ANATOMY Review Impressions
Inanimate, everyday objects & scenes are the least frightening things under the sun. It’s the familiarity, the confident knowledge that we understand the situation clearly, that disarms any potential threat. We know their place, and it is to serve us.
And yet… I would wager that all of us have, at one point or another, hidden under the covers, quaking in fear because a familiar object in a familiar room cast a familiar shadow that caught our mind and imagination in just the wrong way -- suddenly it’s familiarity does anything but make us feel safe. “Has THAT always been there, looming over me, watching while I sleep?”
Therein lies the problem, you see. In our moments of weakness and doubt, the horrific visions that live in the darkest corners of our mind infect the dark corners of our environment. Fears both primal and sophisticated escape the prison of our psyche and become… embodied in the objects at the edge of our perception.
It is around this idea of embodiment that ANATOMY, the latest project by altgames creator Kitty Horrorshow, turns. The premise is this: you find yourself locked in an unlit, unassuming suburban home. You stumble and grope your way forward through the pitch black until you encounter an old cassette player and a tape, patiently awaiting human ears.
Like several of her other games, these excellently voice-acted (by Horrorshow herself) audiologs at first seem to provide a dispassionately anthropological accounting of the game’s world and lore. We hear about the role of the house in human evolution, its psychological significance, and metaphorical musings on the house-as-body.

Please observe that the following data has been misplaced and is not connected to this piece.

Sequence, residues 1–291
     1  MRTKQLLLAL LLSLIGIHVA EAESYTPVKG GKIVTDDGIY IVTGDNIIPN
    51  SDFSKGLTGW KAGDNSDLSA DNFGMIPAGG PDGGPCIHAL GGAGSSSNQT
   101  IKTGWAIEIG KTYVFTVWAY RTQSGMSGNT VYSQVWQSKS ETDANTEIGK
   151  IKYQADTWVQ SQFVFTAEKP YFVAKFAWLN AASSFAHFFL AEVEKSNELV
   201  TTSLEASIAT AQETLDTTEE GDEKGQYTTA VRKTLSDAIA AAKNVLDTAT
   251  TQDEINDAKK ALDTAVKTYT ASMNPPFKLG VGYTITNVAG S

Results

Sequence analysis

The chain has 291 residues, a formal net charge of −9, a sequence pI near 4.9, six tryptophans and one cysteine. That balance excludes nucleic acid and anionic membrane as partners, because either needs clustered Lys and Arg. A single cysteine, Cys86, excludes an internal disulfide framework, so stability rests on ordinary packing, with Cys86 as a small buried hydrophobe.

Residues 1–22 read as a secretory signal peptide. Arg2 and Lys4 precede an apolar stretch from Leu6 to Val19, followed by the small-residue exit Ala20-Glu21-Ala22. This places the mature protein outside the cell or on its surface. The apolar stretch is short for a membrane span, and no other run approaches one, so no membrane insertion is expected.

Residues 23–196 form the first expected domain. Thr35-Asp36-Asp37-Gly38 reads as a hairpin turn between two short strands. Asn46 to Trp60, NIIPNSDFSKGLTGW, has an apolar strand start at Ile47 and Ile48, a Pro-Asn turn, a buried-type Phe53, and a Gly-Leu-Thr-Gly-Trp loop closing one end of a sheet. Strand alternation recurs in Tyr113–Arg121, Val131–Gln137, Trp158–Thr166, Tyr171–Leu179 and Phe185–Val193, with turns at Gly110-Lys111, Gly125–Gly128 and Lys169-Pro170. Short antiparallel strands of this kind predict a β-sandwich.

We move from room to room, finding more tapes and exploring the intellectual notions contained in each. But as we do, a subtle shift occurs. Without changing voice, these tapes become less an accounting of The House writ-large and more the establishment of a rapport between This House and you.
As the game warms to its task (of scaring the hell out of us), we are confronted with a more troubling thought: what if these objects do not want to be made into focuses for our fear? What if they are aware of the evil transformation that we pray only exists in our mind? What if they resent us for tainting them so? What if, long after people have gone from them, the memories and impulses that live on most strongly are the horrific ones?
What if, after being so transmogrified by our presence, all they wanted to do was to enact the violence we fear they set the stage for?
ANATOMY is a descent; we must play it four times to reach its conclusion. Each playthrough is wildly different, riffing off of previous iterations to build tension and defy expectations at every turn. We are drilling down, deep into the body of the House, deep within ourselves.